Training 101 – Look at Me Command

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There is something important for every dog owner to remember. When your dog hears his name it should always be in a positive manner. For example, if you scold your dog saying, “Cosmo, bad dog!” that negative connotation will stick with him and he may not cooperate. If your dog pays attention when you say his name, it makes it easy to follow it with another command such as heel, sit or come.  Make your dog feel positive about his name by doing this. A great command to follow a dog’s name is the look at me command, especially for fantastic for dogs who are easily distracted by cars, skateboards or other dogs.

First, prepare some treats. If your dog is not treat motivated use something he does not normally receive such as cheese, hot dogs or cooked chicken cut into tiny pieces. Put your dog on a leash and drop the leash to the floor. Step on the leash so the dog does not wander away. Hold the treat in your hand and move it towards your eyes. Say the dog’s name in a happy tone. As soon as your dog makes eye contact with you say, “Look at me,” and give him the treat immediately. Timing is very important; do not inadvertently play keep away by delaying the treat or pulling your hand away.

Pit bull - Jack Russell Mix looking at caneraIf you are having a child do this, you may want them to offer the treat from the middle of the palm of a wide open hand to avoid nipping of the fingers. Practice this several times but not so long that your dog becomes full of treats or bored and starts fighting the training. As with all commands it’s better to practice a few times, take a break and continue later.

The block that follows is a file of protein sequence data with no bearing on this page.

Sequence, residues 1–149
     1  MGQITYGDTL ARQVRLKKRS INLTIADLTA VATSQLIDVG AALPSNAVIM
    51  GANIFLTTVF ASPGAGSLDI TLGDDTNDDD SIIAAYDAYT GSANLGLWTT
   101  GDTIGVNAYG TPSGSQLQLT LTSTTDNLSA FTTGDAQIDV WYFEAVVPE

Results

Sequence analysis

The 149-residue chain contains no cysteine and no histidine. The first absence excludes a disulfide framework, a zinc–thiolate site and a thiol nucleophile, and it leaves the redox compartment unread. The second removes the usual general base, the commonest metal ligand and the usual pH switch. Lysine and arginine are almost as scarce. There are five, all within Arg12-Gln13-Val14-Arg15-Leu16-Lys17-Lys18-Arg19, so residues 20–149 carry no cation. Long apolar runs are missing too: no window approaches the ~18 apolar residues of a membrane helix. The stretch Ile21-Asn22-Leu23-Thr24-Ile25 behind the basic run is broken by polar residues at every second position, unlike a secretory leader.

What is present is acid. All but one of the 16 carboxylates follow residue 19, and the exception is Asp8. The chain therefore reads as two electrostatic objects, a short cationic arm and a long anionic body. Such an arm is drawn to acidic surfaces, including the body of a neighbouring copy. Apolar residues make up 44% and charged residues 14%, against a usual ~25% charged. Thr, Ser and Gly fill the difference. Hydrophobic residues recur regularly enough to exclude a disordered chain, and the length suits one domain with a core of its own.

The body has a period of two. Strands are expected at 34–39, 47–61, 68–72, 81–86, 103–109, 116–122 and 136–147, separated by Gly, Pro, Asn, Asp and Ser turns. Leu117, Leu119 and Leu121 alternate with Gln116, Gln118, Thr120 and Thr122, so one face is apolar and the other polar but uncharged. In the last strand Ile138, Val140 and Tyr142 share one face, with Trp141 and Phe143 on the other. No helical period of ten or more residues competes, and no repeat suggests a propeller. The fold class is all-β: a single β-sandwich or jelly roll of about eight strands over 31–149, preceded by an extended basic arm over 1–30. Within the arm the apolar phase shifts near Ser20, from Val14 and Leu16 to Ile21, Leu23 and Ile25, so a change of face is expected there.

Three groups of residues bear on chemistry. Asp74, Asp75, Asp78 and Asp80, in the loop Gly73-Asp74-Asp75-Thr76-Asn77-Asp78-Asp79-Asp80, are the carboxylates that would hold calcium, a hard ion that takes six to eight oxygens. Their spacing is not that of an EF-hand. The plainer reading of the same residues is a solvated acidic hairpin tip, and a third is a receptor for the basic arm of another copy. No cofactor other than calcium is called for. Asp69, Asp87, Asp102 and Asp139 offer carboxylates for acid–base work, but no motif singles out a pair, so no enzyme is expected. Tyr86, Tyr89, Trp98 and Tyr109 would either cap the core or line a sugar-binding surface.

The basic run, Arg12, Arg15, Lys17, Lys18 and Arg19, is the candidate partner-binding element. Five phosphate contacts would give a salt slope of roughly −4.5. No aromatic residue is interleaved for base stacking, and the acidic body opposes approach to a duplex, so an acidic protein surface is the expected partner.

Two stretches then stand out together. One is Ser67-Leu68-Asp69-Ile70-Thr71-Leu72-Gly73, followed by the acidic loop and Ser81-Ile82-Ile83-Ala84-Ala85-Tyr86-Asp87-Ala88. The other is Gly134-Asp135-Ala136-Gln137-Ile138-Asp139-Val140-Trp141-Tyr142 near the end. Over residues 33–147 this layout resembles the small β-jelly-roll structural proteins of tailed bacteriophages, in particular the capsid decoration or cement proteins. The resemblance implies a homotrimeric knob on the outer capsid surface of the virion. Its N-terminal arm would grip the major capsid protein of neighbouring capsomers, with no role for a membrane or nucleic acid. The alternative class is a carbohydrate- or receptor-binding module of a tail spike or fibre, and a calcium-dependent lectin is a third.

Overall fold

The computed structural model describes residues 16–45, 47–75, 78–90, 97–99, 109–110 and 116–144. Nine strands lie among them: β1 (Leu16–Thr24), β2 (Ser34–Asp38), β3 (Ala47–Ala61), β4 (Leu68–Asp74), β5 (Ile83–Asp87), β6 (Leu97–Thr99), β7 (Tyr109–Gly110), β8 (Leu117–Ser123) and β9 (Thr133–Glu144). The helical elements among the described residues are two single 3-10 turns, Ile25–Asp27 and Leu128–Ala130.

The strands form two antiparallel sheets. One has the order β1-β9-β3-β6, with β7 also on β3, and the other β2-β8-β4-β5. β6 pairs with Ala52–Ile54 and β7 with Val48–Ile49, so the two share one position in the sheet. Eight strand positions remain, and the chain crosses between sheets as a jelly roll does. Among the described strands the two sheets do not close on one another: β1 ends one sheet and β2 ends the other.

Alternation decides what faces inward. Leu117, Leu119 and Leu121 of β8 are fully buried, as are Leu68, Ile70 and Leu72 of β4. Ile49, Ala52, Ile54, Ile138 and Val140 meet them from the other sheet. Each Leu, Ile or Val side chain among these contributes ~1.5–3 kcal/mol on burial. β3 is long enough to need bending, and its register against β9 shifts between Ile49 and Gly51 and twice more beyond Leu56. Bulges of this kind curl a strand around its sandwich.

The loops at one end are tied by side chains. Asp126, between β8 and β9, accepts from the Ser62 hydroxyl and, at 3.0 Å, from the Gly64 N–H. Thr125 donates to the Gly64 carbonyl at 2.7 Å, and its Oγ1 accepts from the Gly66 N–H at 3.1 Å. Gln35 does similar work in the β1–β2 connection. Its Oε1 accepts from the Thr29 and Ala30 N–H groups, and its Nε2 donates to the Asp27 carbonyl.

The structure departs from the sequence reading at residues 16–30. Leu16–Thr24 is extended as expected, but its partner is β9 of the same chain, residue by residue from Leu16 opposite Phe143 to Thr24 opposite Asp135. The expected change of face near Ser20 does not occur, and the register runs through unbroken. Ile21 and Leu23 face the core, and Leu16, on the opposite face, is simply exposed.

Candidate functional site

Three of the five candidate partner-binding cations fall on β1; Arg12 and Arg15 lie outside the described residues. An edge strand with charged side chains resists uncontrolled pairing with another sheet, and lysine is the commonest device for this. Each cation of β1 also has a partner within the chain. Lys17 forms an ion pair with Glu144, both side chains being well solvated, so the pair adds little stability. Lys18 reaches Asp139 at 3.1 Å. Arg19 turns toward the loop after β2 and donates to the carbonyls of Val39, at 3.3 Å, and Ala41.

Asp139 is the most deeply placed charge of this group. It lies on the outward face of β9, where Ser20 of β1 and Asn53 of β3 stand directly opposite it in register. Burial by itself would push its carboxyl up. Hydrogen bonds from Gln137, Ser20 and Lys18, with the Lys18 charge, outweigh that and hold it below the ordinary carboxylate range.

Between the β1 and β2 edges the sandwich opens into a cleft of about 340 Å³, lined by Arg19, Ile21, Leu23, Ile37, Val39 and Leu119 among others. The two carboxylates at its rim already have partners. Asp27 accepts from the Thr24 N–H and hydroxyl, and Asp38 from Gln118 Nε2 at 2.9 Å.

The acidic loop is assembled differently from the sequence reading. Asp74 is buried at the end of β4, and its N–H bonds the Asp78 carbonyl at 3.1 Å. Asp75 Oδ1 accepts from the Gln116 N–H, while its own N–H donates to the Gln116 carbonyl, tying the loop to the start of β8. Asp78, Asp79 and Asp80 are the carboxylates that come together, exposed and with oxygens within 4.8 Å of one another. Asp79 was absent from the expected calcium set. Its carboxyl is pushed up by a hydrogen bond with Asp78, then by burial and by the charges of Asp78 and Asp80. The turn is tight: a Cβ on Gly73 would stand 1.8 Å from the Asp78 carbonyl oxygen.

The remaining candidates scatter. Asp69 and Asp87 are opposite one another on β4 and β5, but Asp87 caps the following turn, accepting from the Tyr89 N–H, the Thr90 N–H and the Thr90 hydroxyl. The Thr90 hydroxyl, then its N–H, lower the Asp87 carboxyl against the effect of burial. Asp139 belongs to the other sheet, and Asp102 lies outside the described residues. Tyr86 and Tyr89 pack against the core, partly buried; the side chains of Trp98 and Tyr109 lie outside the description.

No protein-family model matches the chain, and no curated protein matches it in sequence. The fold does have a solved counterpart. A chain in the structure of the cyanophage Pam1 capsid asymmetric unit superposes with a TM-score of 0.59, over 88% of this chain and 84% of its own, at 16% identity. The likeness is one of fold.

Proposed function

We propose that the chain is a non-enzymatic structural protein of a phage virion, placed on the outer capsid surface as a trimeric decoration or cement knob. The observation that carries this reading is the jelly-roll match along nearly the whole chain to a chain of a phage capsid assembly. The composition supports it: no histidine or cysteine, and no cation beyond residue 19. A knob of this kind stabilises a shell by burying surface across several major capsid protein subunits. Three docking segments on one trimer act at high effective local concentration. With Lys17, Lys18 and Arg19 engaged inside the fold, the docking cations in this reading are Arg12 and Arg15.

Once your dog consistently looks at you quickly, you can try to hold his attention longer by increasing the time before you give the treat — but only by a few seconds. If the dog starts to look away remind him by saying “Ah-ah! Look at me.” When he looks back at you give him the treat. Once your dog knows to look at you when you say his name or “Look at me,” you can begin practicing while moving.

Walk with your dog in the heel position, which means walking quietly by your side without pulling or lagging behind. If your dog becomes distracted, stop and back up four or five steps; say the dog’s name and give a slight tug on the leash; say, “Look at me.” He should turn and focus on you; then start walking again with the dog by your side. Praise him for paying attention by saying “Yes! Good look at me!” If your dog becomes distracted again repeat the process.

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You can also mix it up by going from heel, backing up, speeding up and back to heel again. Another option is to place your dog into a sit as a distraction approaches. Use the dog’s name, “Look at Me,” and offer treats until the distraction has passed.

An alternative phrase to use is watch me, rather than look at me. Just remember that whichever command you chose, always use the same one and always use a happy tone, with treats available. Eventually you will be able to wean them off the treat but never forget to praise with a happy, encouraging voice — something that is always readily available to you.

Good luck!

From the Pet Tails Magazine archives; this article was written by Nicole Zarnoch, CCS of Cosmo’s Corner.

Feature Photos Copyright: Cindy Thibault @fromwagstowhiskersinc

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